Three men collapsed and two more suffered "adverse effects" after taking so-called legal highs known as Annihilation or Cherry Bombs, police said.
Greater Manchester Police (GMP) officers have issued an urgent warning as one of the men, aged 33, remains in an induced coma in hospital.
The incidents took place in Rochdale, Greater Manchester on Friday and Saturday.
Shortly after 11am on Friday, officers were called to reports the 33-year-old man had collapsed. His friends told officers he had been taking "legal highs".
Later, police were called at about 2.20pm where a 39-year-old and another man in his 30s had collapsed. They received medical treatment at the scene before leaving.
Two other men were treated on Saturday, with one of them, aged 34, in a serious condition in hospital.
Police urged anyone who may have taken the drugs to be aware of the symptoms, which include profuse sweating, a racing heartbeat and delirious ranting.
Detective Sergeant Louise Ashurst of GMP's Rochdale Borough said: "Since the events of yesterday, three more people have fallen ill after taking so called 'legal highs', further highlighting a worrying trend that more people are taking these dangerous substances.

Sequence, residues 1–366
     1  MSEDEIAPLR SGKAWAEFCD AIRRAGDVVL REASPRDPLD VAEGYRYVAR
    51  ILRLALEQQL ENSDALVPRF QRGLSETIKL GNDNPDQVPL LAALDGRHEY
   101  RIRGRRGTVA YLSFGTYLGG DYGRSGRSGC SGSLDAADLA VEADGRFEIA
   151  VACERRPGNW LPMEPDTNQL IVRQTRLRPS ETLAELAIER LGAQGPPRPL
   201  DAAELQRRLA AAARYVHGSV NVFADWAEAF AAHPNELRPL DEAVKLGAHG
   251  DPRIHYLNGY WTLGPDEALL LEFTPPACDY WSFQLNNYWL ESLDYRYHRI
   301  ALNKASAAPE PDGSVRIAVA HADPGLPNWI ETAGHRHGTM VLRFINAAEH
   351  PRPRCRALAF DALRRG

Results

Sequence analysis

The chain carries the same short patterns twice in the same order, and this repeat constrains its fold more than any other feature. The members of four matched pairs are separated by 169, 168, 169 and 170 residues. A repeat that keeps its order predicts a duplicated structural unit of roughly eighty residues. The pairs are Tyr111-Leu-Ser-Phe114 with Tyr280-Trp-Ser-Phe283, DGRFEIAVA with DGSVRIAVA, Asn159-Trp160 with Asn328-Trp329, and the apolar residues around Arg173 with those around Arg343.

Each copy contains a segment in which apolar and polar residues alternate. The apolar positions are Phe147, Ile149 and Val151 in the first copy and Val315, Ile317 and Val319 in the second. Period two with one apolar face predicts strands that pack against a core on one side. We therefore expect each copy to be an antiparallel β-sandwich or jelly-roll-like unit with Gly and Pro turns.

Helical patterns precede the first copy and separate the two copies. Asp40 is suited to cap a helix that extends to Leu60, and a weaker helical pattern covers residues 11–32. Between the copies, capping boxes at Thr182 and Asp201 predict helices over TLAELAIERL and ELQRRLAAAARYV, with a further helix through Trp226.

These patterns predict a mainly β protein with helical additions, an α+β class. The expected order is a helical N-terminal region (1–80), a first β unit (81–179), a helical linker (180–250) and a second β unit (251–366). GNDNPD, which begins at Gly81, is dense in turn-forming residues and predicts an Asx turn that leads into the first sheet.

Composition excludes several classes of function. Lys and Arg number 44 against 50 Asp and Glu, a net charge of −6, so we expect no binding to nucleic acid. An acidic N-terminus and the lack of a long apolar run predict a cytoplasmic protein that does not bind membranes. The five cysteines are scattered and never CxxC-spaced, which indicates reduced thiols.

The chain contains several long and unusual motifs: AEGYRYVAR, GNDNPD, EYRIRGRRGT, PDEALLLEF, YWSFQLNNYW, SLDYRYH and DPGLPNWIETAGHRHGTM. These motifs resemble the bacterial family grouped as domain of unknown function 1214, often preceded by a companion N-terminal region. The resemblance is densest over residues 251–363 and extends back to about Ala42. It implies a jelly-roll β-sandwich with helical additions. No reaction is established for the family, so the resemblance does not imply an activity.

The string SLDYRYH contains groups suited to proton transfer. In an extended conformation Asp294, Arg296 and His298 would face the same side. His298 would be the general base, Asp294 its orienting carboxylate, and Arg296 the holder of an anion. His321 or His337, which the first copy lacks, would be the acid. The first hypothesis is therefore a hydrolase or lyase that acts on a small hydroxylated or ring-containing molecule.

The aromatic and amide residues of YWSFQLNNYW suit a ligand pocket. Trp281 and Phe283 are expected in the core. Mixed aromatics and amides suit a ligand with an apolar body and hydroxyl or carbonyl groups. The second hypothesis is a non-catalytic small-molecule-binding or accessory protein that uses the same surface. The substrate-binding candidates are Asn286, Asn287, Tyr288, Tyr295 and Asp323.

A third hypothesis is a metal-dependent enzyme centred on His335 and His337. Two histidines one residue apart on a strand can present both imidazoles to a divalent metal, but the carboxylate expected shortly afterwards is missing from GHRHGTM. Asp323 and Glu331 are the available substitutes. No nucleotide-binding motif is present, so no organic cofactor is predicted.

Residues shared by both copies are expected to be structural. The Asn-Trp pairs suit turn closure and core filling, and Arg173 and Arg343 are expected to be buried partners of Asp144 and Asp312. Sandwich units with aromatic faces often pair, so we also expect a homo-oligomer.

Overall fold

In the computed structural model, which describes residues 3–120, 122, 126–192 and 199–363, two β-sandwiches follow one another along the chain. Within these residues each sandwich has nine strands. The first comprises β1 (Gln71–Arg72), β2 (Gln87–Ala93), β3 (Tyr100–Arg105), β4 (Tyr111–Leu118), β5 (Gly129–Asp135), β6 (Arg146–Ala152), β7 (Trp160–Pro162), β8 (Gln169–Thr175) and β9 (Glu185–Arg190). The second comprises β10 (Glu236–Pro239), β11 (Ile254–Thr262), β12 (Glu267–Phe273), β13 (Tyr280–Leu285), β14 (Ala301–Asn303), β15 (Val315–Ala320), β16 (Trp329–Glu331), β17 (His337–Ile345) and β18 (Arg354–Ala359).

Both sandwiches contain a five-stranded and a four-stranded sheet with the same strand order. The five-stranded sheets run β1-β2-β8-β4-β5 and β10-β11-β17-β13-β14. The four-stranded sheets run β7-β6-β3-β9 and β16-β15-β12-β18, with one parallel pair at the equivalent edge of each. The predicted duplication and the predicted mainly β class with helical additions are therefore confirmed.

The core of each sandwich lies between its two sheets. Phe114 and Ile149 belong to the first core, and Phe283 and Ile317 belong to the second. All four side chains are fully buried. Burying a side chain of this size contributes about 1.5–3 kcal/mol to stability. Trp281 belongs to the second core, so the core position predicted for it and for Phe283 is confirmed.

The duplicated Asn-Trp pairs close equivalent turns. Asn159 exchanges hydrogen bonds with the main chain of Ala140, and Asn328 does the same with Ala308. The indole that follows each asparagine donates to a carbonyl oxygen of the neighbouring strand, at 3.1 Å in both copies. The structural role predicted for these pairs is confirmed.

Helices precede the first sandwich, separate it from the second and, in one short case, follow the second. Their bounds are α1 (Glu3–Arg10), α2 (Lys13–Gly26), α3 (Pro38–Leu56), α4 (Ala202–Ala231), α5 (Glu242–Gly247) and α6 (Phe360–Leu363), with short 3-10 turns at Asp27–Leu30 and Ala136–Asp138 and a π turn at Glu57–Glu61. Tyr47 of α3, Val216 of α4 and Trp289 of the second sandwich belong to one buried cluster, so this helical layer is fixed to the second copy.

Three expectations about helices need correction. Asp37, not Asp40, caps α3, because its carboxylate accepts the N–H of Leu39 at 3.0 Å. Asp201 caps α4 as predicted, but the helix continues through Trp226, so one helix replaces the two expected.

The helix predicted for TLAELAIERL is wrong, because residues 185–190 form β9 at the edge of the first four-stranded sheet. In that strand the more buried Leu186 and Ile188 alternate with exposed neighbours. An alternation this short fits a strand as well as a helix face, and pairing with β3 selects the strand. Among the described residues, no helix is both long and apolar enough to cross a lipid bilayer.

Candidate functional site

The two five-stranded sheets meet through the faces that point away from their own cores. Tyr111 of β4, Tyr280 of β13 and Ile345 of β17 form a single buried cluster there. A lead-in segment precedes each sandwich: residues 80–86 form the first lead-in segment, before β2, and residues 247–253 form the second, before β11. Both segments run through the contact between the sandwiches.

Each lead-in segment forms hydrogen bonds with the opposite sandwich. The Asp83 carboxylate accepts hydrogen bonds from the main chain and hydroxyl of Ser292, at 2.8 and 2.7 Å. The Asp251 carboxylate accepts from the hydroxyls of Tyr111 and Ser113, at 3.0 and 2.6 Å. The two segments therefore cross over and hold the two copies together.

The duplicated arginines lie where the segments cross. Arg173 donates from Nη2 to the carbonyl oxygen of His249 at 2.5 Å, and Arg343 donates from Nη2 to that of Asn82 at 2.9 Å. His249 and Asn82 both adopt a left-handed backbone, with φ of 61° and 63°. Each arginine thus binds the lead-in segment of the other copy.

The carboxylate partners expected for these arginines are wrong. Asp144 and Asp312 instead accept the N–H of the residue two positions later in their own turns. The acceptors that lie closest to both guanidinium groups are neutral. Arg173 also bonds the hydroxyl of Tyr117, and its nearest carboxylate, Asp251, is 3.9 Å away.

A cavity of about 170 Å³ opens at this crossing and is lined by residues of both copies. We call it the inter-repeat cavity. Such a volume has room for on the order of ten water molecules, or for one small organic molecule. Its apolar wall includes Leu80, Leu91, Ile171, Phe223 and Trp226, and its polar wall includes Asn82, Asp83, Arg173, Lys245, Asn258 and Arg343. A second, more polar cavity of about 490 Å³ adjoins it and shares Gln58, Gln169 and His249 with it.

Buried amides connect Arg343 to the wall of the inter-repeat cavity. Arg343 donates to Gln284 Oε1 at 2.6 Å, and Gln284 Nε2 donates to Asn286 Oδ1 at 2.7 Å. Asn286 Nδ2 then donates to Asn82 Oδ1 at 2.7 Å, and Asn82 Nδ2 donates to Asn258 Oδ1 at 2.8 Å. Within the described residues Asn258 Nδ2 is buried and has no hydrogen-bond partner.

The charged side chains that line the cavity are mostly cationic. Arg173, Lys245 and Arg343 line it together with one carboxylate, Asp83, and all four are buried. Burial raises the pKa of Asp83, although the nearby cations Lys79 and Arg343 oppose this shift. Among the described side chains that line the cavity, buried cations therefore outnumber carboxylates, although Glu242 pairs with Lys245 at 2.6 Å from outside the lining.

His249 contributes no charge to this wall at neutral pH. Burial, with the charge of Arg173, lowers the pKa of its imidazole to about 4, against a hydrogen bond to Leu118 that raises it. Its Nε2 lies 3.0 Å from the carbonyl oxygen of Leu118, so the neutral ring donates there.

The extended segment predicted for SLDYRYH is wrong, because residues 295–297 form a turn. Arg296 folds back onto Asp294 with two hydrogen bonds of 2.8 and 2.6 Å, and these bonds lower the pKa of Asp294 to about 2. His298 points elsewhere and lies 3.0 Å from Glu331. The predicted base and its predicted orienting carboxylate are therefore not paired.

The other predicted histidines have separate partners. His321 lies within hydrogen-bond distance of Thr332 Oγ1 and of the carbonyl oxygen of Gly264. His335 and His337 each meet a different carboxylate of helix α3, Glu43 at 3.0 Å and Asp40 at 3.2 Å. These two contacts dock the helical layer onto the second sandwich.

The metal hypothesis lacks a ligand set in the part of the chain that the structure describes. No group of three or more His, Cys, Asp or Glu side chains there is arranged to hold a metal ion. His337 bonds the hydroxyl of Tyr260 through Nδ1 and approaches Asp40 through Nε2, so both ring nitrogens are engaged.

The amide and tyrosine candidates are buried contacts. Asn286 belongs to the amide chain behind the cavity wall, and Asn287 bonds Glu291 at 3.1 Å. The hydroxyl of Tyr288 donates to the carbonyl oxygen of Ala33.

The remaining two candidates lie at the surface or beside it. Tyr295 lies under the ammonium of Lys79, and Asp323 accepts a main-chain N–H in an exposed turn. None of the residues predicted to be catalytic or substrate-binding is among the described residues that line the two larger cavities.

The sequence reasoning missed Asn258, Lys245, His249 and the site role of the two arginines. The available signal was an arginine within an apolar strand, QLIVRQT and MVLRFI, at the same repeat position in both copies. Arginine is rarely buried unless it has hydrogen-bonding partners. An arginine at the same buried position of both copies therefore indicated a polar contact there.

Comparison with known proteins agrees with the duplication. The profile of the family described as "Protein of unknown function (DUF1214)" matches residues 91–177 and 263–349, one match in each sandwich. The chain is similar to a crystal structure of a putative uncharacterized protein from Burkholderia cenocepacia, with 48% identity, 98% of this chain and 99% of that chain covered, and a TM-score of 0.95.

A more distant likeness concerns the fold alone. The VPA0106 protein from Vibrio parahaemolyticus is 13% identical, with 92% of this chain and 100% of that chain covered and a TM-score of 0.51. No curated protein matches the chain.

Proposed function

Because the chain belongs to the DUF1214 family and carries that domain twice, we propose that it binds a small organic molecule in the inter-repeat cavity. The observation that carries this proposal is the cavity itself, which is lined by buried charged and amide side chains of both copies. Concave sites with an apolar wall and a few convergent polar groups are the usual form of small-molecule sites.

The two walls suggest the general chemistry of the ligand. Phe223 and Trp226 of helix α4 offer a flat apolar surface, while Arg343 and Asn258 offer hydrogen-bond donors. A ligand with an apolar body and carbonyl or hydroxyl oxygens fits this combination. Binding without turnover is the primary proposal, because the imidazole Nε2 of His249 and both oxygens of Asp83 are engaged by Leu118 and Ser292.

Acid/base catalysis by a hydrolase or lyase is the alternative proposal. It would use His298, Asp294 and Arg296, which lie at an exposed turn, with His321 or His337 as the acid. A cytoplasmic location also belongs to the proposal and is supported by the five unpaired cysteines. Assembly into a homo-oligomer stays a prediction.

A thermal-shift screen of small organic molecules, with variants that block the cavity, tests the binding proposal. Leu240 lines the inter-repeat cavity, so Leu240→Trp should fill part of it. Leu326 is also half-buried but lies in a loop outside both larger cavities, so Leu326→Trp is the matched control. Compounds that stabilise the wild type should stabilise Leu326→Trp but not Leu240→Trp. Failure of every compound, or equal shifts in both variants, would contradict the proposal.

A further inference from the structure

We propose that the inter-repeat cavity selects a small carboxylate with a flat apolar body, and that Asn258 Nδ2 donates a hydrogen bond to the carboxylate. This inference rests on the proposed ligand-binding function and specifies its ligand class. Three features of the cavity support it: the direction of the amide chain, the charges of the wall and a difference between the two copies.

"They might not be illegal but they are very dangerous and can cause you serious harm and we currently have two men in hospital in a very serious condition.
"We believe that some of the substances that are being taken are called 'Annihilation' or 'Cherry Bombs' which might make them sound appealing, but the potential consequences make taking them not worth it.
"We would urge everybody to think about the effect that these 'legal highs' can have on your health and not take them.
"If you have or you think one of your friends may have taken them then please seek medical attention urgently."
Members of the public who fear someone is showing symptoms should call 999 immediately and put the victim in the recovery position, GMP said.
Anyone with information about where this drug may have come from should contact police on 101 as soon as possible, or the independent charity Crimestoppers on 0800 555 111.